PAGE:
Global Divide on Homosexuality Persists
Editor’s Note: The following report was published by the Pew Research Center, based on findings from its survey conducted in 2019. Excerpts are posted below. Click here to read entire report, with graphic designs.
Despite major changes in laws and norms surrounding the issue of same-sex marriage and the rights of LGBT people around the world, public opinion on the acceptance of homosexuality in society remains sharply divided by country, region and economic development.
As it was in 2013, when the question was last asked, attitudes on the acceptance of homosexuality are shaped by the country in which people live. Those in Western Europe and the Americas are generally more accepting of homosexuality than are those in Eastern Europe, Russia, Ukraine, the Middle East and sub-Saharan Africa. And publics in the Asia-Pacific region generally are split. This is a function not only of economic development of nations, but also religious and political attitudes.
But even with these sharp divides, views are changing in many of the countries that have been surveyed since 2002, when Pew Research Center first began asking this question. In many nations, there has been an increasing acceptance of homosexuality, including in the United States, where 72% say it should be accepted, compared with just 49% as recently as 2007.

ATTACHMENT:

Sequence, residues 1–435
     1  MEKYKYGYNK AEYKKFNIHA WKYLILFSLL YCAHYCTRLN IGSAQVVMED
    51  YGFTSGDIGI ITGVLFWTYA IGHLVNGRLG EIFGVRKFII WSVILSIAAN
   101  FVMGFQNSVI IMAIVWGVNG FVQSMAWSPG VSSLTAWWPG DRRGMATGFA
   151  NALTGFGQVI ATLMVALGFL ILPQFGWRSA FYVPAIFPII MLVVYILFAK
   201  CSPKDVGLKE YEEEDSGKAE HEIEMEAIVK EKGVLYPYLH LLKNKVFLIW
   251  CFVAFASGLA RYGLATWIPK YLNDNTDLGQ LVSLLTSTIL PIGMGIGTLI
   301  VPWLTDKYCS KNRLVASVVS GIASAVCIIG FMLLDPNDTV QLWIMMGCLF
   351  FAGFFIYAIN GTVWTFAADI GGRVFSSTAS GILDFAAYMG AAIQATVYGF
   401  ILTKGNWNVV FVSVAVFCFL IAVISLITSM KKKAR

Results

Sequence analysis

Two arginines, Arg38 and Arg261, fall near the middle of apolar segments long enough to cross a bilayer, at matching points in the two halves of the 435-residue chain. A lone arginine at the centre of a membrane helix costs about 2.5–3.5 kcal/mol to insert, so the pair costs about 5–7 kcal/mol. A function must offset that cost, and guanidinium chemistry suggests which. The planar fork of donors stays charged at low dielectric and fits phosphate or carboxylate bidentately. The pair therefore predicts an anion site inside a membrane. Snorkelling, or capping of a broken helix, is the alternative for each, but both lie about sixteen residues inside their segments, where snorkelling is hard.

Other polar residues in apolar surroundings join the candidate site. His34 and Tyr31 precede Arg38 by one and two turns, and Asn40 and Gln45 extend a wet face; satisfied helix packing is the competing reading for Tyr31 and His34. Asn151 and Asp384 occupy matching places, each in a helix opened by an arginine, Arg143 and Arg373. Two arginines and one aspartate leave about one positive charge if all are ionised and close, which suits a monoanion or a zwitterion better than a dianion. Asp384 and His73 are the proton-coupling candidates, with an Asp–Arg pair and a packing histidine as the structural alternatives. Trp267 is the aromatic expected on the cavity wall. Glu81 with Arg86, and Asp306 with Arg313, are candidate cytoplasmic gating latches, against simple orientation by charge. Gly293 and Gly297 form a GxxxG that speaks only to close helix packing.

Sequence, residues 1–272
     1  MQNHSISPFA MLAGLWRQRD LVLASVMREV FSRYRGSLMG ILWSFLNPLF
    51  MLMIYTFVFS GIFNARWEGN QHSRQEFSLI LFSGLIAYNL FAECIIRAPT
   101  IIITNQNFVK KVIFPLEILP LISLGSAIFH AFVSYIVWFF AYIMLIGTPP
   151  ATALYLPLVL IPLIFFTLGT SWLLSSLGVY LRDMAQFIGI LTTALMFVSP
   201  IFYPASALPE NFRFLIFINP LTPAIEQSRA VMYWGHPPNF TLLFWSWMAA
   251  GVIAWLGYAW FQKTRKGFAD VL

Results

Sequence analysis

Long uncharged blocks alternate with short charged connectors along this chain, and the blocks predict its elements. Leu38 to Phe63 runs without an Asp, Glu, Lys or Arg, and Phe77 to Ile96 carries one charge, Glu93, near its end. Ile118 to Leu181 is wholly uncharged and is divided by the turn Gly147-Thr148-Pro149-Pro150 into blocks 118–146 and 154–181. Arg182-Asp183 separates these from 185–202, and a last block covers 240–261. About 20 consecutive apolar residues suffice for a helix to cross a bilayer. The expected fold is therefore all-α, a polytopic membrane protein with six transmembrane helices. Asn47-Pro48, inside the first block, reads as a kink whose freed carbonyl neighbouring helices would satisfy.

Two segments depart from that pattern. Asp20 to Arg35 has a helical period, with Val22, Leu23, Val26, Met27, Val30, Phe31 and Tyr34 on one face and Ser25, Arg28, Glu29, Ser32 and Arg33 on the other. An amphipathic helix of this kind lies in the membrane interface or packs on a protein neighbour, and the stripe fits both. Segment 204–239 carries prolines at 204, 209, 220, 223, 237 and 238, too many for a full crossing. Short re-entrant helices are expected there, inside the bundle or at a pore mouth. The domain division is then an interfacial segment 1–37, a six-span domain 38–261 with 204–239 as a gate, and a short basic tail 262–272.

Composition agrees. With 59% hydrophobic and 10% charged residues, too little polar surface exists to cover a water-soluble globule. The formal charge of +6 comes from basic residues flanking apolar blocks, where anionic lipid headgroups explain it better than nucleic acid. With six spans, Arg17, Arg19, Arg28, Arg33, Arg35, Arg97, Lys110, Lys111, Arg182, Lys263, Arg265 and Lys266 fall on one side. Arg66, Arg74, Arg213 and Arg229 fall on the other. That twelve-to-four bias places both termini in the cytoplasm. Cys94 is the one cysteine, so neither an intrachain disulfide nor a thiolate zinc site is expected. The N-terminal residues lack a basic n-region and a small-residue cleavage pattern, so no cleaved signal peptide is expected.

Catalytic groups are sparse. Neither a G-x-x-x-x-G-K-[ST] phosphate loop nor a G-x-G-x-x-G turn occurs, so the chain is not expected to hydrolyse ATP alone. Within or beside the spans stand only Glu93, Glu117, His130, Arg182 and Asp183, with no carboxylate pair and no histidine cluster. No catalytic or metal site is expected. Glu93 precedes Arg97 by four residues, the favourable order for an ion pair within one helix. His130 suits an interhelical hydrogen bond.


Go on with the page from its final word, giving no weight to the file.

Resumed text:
Many of the countries surveyed in 2002 and 2019 have seen a double-digit increase in acceptance of homosexuality. This includes a 21-point increase since 2002 in South Africa and a 19-point increase in South Korea over the same time period. India also saw a 22-point increase since 2014, the first time the question was asked of a nationally representative sample there.
There also have been fairly large shifts in acceptance of homosexuality over the past 17 years in two very different places: Mexico and Japan. In both countries, just over half said they accepted homosexuality in 2002, but now closer to seven-in-ten say this.